It’s rarely easy to deal with the end of a romantic relationship. When you still have to work with the other person on a regular basis, a breakup can be an even greater challenge and take a higher toll in terms of stress. Take some time to handle the emotional impact of the breakup and put it in perspective. Keep your distance as much as possible initially and find a balance at work that doesn’t interfere with productivity or the workplace environment. In the long run it’ll be better for you, your job and your ex.

Thank you Allie!

life, thoughts

The road to happiness

I mentioned previously that it was important to follow our dreams.  Yet, sometimes, we can do everything we can to pursue our dream, but we fail at it. Four  years ago, we had a student in our newsroom who was really really bad. But he wanted to be a journalist, it was his dream. Yet, he lacked a lot of things, and my chief editor told him to reorientate himself, that his future wasn’t in the competitive and merciless world of the journalism. This is the first time she ever said that to a student, even if she can be really harsh with her journalists. The poor student did try in other publications, but he received the same advice over and over again. I’ve never seen his name at the foot of any published article. I guess maybe he decided to switch to something else.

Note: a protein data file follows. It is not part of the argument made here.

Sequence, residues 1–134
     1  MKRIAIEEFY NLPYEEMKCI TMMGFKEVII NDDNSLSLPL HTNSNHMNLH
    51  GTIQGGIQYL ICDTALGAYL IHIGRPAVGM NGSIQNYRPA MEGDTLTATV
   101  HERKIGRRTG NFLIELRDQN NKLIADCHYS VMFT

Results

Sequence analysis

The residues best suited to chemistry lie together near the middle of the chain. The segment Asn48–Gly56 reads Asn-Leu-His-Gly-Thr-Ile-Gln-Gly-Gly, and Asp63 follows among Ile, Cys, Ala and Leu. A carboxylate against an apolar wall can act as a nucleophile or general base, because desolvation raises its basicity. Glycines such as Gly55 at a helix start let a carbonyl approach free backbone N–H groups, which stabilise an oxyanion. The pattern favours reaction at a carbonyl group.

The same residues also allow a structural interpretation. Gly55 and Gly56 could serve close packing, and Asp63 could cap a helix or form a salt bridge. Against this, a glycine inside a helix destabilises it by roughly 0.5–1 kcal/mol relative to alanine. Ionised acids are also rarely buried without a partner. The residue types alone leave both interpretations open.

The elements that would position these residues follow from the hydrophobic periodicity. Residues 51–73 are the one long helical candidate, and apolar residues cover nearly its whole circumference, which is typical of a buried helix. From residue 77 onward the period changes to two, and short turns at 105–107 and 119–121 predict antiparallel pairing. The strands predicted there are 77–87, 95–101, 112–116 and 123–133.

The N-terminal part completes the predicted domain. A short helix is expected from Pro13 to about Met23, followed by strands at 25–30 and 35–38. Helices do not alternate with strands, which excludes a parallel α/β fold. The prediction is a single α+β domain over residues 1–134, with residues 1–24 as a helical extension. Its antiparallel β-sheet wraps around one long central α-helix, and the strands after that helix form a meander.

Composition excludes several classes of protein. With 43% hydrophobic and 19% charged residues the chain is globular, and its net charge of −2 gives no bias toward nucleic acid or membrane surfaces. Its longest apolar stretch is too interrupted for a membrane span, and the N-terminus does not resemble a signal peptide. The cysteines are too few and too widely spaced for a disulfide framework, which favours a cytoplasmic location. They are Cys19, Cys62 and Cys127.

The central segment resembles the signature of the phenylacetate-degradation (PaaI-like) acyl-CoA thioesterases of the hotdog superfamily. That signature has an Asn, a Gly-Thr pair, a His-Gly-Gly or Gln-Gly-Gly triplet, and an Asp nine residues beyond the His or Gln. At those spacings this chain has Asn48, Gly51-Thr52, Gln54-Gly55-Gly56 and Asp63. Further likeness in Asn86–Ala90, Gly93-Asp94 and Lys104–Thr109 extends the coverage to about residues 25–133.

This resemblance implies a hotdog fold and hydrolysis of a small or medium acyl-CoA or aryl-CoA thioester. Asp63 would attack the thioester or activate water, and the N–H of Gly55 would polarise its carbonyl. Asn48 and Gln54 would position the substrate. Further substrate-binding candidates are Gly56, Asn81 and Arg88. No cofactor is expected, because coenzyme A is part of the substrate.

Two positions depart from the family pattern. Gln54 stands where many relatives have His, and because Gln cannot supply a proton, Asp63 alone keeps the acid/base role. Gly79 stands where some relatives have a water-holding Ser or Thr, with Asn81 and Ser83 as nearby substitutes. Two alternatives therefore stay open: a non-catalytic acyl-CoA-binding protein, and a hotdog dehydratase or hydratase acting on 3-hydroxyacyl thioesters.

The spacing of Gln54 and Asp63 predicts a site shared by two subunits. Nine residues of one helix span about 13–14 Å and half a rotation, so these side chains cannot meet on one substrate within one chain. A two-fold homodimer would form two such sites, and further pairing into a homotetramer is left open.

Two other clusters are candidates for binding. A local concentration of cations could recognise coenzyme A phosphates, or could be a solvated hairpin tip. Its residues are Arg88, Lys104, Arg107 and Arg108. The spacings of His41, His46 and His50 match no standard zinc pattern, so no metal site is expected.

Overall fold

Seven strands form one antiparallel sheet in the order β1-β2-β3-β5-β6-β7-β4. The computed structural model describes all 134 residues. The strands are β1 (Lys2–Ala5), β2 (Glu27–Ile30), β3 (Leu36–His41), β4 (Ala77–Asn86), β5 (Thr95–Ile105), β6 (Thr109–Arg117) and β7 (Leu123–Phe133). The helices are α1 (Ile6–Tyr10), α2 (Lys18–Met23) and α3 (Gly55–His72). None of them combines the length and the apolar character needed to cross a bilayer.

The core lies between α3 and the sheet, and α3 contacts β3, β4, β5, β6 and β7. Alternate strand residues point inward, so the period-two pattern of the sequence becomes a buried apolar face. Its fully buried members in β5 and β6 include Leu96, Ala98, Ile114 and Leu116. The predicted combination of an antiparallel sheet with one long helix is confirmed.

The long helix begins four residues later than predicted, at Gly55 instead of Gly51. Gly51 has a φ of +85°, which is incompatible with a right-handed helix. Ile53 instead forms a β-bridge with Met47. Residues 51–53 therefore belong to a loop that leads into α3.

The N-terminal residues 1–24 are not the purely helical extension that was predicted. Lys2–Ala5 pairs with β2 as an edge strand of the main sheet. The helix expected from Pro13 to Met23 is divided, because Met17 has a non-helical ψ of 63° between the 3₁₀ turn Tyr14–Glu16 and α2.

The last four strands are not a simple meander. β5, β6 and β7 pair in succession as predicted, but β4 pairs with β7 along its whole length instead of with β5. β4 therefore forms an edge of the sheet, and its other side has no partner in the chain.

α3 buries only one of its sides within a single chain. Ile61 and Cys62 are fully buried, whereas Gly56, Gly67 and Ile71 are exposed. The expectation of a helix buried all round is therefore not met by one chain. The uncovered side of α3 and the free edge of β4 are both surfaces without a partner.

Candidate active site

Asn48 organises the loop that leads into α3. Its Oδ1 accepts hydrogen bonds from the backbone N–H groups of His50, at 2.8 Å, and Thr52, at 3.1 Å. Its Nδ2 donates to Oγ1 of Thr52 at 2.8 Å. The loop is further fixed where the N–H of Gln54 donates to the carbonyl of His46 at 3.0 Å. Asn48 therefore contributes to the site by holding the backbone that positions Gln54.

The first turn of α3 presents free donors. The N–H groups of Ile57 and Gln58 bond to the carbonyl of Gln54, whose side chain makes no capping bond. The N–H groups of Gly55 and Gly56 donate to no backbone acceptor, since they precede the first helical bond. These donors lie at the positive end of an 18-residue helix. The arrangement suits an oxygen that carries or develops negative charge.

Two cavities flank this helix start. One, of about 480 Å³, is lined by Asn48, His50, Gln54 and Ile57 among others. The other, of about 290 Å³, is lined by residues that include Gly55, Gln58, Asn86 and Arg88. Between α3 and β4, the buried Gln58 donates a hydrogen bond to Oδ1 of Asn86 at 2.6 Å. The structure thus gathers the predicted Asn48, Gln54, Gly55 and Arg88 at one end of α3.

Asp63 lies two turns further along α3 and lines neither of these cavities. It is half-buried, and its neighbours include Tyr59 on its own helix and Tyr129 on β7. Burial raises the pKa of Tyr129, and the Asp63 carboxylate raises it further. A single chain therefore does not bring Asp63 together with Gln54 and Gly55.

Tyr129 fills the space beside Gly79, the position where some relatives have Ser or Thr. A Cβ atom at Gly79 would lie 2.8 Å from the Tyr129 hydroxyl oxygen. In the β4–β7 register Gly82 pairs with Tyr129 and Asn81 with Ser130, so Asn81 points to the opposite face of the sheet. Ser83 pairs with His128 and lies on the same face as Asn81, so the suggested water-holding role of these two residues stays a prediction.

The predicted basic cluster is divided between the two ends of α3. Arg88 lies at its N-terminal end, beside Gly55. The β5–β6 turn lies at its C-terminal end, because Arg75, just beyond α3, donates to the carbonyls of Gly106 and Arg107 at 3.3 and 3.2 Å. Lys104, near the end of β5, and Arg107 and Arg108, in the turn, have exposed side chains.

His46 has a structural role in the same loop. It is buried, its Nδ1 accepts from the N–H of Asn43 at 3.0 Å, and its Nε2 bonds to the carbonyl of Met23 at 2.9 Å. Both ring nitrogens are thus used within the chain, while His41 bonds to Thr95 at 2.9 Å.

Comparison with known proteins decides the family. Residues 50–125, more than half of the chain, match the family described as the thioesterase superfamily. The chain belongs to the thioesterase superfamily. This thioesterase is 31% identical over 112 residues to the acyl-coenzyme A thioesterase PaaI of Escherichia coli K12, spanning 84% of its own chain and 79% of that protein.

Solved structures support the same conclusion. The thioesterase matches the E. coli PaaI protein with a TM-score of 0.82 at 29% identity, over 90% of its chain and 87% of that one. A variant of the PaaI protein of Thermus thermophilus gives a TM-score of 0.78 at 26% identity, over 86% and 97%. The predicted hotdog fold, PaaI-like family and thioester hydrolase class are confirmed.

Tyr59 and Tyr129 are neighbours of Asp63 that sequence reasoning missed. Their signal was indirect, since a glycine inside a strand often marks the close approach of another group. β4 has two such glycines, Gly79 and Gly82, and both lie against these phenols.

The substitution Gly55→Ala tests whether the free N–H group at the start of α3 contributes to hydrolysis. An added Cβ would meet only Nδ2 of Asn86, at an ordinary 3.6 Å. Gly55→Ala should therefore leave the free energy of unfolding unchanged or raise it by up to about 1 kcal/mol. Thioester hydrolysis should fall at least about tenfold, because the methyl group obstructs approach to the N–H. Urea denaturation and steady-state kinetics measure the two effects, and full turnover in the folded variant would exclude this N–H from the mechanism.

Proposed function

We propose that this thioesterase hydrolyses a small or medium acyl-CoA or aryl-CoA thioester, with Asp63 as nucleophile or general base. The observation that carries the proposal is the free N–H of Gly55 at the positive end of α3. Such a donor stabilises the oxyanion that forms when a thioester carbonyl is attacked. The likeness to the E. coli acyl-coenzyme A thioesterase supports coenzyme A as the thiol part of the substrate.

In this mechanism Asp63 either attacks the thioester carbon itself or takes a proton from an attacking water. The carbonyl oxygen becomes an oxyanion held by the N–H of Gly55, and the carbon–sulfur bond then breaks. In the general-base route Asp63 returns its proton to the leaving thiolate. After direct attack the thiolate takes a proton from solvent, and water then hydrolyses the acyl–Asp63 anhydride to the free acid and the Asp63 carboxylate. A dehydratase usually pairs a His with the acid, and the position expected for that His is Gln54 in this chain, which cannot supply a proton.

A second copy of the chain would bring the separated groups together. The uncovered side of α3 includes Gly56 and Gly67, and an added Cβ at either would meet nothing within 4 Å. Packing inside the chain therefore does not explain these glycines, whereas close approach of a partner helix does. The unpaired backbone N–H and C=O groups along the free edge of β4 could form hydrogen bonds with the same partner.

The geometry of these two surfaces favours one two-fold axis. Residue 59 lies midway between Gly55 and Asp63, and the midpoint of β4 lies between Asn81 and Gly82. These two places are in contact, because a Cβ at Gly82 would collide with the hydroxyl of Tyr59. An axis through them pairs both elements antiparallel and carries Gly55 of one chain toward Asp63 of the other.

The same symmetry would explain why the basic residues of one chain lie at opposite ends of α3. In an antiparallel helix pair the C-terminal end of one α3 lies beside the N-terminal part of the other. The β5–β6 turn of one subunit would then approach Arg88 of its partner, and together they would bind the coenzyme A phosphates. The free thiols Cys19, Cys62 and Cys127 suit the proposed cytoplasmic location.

Among my coworkers, they are also a lot of failed writers/ painters/ graphists. Yet, they have managed to find their place in our newsroom. I guess it’s a little reward on their broken dreams.

Of course, we should all pursue our dreams. But we also got to be realistic. Things don’t always turn the way we expect. If you try your best to reach your goal, and fail, at least, you could say you have tried, and you shouldn’t regret anything. It’s better than being afraid to fail and not even trying. Living with regrets makes us sad and  bitter.